French Politics in 3-D on Fantasy Web Site

A computer screen grab of the cyberspace community 'Second Life' shows a protestor outside the office of Presidential candidate Jean Marie Le Pen's Front National party.
A computer screen grab of the cyberspace community 'Second Life' shows a protestor outside the office of Presidential candidate Jean Marie Le Pen's Front National party. (Adam Pasick -- Reuters)

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By Molly Moore
Washington Post Foreign Service
Friday, March 30, 2007

PARIS, March 29 -- In a battle between push guns and pig grenades, the exploding pigs won.

The clash started on a January morning when protesters attacked the cyberspace headquarters of extremist French presidential candidate Jean-Marie Le Pen in the popular 3-D Internet fantasy world Second Life.

Le Pen security forces responded with push guns, whimsical digital weapons that tossed bodies through the air "like rag dolls," according to one witness. Protesters fought back with pig grenades, firing fat pink porkers that exploded in neon pink splatters. When the shooting ended, Le Pen's headquarters lay in ruins, deserted by staff and guards.

The confrontation in Second Life -- the parallel online universe where players cloak their alter egos in cartoonlike bodies -- demonstrated the rising impact of the newest cyber-venue for politicians trying to promote real-world campaigns.

All four major candidates in France's presidential election have opened virtual headquarters in Second Life, an interactive forum that allows inhabitants -- called avatars -- to engage in debates, attend political rallies and take part in protests in a multidimensional world that makes traditional campaign Web sites seem quaint and antiquated.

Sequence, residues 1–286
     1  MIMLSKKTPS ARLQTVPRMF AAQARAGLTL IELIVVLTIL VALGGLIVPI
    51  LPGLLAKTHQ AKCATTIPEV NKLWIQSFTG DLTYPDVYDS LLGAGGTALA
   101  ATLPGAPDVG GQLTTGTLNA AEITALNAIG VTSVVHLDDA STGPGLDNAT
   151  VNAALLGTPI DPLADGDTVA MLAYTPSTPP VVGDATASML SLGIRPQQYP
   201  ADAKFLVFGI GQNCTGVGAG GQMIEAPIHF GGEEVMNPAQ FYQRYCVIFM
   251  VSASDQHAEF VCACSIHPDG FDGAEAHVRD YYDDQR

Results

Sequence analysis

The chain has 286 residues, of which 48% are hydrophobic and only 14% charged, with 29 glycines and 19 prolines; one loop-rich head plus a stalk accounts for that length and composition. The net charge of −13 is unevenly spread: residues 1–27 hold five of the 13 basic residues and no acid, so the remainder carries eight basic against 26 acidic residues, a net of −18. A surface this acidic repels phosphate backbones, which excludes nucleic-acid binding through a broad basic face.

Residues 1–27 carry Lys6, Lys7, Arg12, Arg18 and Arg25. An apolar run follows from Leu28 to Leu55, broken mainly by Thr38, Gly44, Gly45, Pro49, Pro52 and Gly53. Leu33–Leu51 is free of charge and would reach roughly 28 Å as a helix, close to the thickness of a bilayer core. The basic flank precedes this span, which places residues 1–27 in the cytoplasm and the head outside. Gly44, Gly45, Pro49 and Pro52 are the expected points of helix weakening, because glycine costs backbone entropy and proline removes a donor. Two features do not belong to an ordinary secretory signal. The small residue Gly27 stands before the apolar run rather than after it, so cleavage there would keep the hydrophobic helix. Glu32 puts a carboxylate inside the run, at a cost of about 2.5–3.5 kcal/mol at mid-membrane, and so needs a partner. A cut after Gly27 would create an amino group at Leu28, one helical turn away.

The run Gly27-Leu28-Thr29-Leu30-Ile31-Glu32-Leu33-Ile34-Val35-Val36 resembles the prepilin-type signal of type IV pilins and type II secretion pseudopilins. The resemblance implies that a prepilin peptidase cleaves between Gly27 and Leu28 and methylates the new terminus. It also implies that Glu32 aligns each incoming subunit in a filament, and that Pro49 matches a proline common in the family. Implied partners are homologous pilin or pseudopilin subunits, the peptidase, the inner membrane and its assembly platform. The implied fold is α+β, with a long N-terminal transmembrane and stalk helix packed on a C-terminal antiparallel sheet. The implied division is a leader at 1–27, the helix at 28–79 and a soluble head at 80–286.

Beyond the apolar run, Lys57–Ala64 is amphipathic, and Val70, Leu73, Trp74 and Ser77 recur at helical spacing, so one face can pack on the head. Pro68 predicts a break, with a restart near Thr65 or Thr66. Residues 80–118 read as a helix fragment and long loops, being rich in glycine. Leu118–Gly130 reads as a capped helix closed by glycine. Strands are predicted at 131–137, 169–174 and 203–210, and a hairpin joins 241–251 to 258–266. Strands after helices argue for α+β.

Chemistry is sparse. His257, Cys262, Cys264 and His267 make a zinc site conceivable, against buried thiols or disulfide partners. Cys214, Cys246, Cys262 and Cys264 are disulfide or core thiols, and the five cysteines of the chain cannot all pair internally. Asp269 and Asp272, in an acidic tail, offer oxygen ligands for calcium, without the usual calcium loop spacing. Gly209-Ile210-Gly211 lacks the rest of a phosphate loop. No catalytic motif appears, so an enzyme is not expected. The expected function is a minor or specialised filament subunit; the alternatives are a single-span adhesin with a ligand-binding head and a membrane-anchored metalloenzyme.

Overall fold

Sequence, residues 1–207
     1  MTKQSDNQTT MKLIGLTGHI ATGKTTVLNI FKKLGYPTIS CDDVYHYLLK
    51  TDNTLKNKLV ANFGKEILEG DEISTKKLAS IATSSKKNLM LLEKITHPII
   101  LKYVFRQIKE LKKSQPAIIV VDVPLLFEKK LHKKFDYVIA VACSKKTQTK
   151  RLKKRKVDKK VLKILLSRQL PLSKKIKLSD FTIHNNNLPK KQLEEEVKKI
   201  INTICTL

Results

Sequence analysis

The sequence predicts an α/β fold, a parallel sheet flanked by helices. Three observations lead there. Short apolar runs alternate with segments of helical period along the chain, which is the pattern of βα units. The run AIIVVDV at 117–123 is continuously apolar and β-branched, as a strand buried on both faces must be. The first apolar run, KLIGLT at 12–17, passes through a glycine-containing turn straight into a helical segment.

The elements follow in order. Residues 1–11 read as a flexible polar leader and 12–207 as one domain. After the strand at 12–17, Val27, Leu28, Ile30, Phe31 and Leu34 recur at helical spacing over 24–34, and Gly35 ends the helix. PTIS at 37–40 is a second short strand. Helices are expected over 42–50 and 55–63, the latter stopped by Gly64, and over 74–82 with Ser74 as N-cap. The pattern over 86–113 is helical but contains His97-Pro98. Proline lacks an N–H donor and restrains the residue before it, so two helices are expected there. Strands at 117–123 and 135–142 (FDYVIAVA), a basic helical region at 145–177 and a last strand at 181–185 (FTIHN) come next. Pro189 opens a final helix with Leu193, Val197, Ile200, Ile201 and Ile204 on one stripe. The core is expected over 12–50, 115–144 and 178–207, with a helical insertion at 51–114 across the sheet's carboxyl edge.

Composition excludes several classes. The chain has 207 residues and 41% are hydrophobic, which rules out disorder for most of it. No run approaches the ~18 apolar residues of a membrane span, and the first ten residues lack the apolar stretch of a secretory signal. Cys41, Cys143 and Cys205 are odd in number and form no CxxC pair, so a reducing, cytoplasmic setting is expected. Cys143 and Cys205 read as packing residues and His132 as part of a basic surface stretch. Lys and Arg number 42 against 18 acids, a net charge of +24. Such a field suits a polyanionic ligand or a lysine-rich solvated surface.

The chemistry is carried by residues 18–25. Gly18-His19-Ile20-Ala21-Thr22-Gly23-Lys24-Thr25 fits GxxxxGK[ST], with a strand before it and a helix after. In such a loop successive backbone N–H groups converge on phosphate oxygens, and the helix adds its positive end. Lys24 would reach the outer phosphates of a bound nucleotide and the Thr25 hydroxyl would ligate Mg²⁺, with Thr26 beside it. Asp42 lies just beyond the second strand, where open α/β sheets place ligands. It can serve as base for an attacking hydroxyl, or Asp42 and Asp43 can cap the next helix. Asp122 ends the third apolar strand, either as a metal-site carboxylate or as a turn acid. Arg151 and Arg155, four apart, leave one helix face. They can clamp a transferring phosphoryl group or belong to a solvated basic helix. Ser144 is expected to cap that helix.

"The emergence of political headquarters represents the next generation of Internet-based political campaigning," Wagner James Au, a Second Life blogger who witnessed and reported the attack against Le Pen's cyberspace headquarters, wrote in an e-mail interview.

For now, the numbers are small. Campaigns report that Second Life has estimated daily visit numbers of up to 20,000 for Ségolène Royal, 11,000 for Le Pen, 10,000 for Nicolas Sarkozy and 7,000 for François Bayrou.

But increasingly, politicians in France and across Europe are discovering what businesses have already recognized: If they build a virtual headquarters in cyberspace, real people will come.

"There is something distinct about communication in Second Life," said Margaux Gandelon, a 20-year-old journalism student who helped create its headquarters for Bayrou, who is running as an alternative to the ruling party's Sarkozy and the Socialists' Royal in the April 22 French presidential election. "People don't behave the same way as when you meet them on the street -- they are more open to discussions."

Interest in the French presidential campaigns has become so intense that visits to the cyber-headquarters helped give France the second-highest number of Second Life avatars of any country in February, according to the site's records. Only the United States registered more avatars on the site, which claims more than 5 million registered participants.

"The French are by far the most passionate about real-world politics in Second Life," Au said. "The U.S. candidates' sites are like ghost towns, for the most part, while the French headquarters for Le Pen and Ségolène Royal have been quite active."

Among the U.S. presidential hopefuls, Democrats Hillary Rodham Clinton, Barack Obama and John Edwards are campaigning in the virtual universe, and Edwards's headquarters has been vandalized.


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